Don #167, #169 - the two definitions are equivalent. If the two partitions have the same cardinality then you can find an \(h: P \rightarrow Q\), but not necessarily satisfying \(f.h=g\).
For example, we can represent the partitions from the left a…
I think for Puzzle 18 we also need \(f\) surjective? Since if we take \(y \in Y \setminus f_{\ast}(X)\), then for a left adjoint \(g_{\ast}\):
$$ g_{\ast}(\{y\}) \subseteq X \iff \{y\} \subseteq f_{\ast}(X) $$
where the left hand side is clearly a…
In other words, \(g(b)\) must be an upper bound of this set. But you shouldn't choose \(g(b)\) to be any bigger that it needs to be! After all, you know \(a \le_A g(b)\) only if \(f(a) \le_B b\). So,
\(g(b)\) must be a least upper bound of the …
Jerry #154 - I think the "and..." part is necessary. For example:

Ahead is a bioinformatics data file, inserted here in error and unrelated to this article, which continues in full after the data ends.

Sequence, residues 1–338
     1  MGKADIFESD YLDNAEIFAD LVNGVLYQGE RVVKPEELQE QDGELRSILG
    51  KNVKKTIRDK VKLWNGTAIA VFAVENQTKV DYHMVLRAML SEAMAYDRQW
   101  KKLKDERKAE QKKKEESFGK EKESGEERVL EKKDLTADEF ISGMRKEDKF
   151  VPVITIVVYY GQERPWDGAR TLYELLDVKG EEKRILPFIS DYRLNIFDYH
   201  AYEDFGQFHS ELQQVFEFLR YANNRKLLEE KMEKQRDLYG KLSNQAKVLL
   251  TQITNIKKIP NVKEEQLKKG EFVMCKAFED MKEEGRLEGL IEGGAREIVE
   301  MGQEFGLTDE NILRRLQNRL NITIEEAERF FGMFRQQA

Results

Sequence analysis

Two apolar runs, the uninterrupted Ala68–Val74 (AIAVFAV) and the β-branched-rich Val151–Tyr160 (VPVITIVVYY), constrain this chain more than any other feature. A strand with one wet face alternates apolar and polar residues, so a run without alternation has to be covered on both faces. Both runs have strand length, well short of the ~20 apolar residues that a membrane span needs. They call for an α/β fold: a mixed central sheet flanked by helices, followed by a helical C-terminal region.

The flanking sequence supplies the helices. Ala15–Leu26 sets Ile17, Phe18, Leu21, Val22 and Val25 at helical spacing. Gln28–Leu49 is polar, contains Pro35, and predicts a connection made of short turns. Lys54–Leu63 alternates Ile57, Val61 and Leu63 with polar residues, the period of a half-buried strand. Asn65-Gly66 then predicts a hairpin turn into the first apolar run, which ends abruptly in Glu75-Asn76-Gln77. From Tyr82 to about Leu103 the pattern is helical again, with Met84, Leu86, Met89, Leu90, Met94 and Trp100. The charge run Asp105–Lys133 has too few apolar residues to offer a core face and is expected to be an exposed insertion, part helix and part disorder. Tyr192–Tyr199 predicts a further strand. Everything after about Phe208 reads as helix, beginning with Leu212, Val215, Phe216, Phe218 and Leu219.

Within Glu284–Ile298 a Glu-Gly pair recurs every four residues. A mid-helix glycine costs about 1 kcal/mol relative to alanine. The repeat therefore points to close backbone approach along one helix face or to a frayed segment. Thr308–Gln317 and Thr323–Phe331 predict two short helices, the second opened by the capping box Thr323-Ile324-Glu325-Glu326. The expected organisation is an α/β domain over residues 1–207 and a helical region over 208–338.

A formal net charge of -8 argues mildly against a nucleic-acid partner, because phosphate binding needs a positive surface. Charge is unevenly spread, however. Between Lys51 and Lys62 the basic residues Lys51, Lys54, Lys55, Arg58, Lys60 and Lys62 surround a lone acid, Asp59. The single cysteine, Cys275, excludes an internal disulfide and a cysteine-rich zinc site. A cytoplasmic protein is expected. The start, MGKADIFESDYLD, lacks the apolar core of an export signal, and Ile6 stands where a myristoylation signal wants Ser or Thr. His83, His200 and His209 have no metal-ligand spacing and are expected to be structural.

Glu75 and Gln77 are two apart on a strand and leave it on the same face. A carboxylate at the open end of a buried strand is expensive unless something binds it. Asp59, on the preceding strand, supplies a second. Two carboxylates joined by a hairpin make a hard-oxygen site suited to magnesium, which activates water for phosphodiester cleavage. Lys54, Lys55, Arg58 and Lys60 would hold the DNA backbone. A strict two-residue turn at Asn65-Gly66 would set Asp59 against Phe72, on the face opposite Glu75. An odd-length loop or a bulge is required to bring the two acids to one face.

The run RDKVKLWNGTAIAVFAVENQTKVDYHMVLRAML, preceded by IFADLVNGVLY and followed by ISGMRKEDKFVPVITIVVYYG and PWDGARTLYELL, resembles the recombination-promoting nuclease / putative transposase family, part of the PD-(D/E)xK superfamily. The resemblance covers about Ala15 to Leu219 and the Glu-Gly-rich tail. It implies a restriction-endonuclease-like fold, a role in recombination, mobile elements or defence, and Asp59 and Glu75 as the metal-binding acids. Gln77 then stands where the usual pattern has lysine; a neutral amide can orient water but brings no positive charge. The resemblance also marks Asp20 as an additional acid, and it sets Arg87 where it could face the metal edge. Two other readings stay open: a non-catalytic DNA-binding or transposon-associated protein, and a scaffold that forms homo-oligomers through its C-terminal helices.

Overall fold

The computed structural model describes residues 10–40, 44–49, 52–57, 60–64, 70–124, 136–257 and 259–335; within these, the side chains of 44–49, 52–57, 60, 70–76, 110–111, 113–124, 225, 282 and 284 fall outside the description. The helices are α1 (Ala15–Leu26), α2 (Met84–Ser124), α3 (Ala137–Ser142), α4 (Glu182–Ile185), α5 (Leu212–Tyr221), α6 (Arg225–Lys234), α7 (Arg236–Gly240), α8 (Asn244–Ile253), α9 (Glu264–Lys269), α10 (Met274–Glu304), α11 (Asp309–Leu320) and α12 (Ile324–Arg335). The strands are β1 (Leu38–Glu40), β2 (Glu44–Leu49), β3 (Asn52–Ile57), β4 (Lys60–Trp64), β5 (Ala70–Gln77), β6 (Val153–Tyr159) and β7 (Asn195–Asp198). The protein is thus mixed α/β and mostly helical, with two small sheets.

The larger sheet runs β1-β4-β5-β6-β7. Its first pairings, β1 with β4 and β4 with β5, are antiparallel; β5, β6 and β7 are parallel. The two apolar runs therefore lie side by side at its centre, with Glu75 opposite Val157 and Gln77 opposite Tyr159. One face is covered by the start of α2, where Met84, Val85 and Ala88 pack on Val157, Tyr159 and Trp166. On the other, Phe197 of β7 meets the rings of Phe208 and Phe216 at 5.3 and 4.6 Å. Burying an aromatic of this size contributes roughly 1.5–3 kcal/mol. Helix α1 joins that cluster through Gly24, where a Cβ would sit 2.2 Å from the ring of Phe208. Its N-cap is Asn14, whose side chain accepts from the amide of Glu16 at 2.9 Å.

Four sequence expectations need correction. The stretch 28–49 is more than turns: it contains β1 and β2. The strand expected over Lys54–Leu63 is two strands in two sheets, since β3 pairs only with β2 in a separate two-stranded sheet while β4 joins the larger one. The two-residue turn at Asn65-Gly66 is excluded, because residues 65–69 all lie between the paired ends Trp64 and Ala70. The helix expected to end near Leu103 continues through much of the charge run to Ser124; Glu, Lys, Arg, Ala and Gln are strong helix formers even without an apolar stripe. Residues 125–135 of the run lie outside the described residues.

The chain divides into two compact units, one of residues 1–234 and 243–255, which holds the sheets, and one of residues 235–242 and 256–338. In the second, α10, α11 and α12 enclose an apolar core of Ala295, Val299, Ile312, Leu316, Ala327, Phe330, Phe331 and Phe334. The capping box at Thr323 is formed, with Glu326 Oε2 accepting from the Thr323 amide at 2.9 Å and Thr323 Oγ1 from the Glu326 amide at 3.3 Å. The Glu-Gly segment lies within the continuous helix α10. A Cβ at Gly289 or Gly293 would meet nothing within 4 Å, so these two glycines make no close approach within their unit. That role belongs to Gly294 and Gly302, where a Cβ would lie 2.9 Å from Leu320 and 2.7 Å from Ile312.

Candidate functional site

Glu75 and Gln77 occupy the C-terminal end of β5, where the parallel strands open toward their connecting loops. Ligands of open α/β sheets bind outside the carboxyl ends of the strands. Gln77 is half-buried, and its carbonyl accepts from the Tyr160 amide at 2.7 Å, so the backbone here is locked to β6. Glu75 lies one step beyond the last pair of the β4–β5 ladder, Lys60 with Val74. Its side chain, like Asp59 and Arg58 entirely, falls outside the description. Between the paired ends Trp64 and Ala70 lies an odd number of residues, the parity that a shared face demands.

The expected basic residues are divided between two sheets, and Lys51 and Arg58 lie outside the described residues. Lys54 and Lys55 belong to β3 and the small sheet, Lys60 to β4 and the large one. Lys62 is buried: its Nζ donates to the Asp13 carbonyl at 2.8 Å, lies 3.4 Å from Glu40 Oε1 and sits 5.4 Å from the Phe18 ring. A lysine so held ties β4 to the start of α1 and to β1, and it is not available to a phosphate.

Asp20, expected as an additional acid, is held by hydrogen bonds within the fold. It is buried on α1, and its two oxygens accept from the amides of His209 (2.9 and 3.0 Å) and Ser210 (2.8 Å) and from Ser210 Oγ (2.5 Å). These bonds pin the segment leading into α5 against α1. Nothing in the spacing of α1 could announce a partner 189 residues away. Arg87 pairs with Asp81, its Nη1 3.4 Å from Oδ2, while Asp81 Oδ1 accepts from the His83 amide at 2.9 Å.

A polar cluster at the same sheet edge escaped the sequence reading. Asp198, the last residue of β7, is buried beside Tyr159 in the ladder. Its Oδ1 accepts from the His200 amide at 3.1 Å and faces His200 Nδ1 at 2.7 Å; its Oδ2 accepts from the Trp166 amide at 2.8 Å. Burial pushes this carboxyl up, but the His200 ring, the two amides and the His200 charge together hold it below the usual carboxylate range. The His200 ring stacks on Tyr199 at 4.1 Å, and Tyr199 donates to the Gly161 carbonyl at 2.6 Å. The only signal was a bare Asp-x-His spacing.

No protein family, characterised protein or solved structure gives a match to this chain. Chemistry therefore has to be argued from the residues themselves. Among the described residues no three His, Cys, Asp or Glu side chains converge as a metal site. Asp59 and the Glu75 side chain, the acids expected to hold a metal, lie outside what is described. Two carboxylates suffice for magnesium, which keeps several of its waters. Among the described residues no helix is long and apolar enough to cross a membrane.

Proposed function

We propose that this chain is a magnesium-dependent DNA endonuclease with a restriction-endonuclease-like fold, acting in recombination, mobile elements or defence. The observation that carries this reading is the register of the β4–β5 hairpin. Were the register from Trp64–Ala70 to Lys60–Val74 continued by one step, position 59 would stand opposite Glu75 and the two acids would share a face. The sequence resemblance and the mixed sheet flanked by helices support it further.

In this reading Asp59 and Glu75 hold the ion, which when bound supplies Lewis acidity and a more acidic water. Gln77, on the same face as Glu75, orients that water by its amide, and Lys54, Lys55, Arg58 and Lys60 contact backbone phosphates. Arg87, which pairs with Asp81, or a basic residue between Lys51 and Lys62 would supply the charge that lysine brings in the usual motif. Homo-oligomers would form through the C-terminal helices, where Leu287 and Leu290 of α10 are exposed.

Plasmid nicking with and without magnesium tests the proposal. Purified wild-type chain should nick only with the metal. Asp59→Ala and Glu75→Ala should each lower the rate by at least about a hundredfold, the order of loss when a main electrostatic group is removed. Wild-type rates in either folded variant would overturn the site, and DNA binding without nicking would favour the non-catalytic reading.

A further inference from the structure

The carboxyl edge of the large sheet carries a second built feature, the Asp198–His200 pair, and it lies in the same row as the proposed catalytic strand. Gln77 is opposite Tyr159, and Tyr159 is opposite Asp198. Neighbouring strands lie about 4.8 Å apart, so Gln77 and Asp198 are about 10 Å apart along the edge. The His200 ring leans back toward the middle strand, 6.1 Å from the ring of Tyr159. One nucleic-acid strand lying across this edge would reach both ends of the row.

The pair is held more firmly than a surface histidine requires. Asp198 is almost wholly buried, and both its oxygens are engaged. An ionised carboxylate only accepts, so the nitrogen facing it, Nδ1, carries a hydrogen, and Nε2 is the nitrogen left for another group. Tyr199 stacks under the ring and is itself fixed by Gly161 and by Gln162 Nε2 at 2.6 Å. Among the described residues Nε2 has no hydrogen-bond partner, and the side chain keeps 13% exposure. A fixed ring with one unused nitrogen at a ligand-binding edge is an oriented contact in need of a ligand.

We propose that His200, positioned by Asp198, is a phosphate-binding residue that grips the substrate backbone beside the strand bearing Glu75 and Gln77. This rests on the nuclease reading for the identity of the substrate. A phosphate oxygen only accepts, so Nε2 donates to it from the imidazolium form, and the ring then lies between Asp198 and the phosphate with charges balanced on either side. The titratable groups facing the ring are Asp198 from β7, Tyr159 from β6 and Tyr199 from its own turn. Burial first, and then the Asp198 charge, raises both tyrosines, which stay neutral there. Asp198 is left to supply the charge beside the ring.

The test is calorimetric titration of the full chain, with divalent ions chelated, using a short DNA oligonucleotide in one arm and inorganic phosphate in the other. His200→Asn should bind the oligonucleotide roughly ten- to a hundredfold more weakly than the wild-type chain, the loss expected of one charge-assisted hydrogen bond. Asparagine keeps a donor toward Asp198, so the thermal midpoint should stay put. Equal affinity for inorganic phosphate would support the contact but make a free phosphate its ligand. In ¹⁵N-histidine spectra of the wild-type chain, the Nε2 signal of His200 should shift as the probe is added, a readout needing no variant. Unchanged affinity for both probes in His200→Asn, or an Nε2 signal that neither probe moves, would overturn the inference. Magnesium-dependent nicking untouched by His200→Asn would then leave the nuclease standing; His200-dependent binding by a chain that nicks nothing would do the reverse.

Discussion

Let \(P=\{a\}\), \(Q=\{1,2\}\). Let \(f(a)=1\) and \(g(1)=g(2)=a\). Then \(f\), \(g\) are monotone, \(f.g=id_P\) but \(g.f\neq id_Q\).
I think this is a typo in the book - I submitted it to the mistakes list a couple days ago.
The preceding paragraph should say "[The inclusion \(\mathbf{Pos}(S)\rightarrow\mathbf{Rel}(S)\)] is actually the right adjoint of a Galois connection. Its…
Marcello #25: Presumably there are many pages with no links, and many which are never linked to, so you'd definitely get some sort of non-trivial structure. I'd love to see what it actually looks like though.
I agree with Patrick #1 on Puzzle 11 (or have the same confusion!). A simpler example: Let \(A = \{a, b\}\) and \(\leq_A\) be only \(\leq_A = \{(a, a), (b,b)\}\). Let \( (B, \leq_B)\) be given by \(B=\{1, 2\}\) with the usual \(\leq_B\). Then \(f = …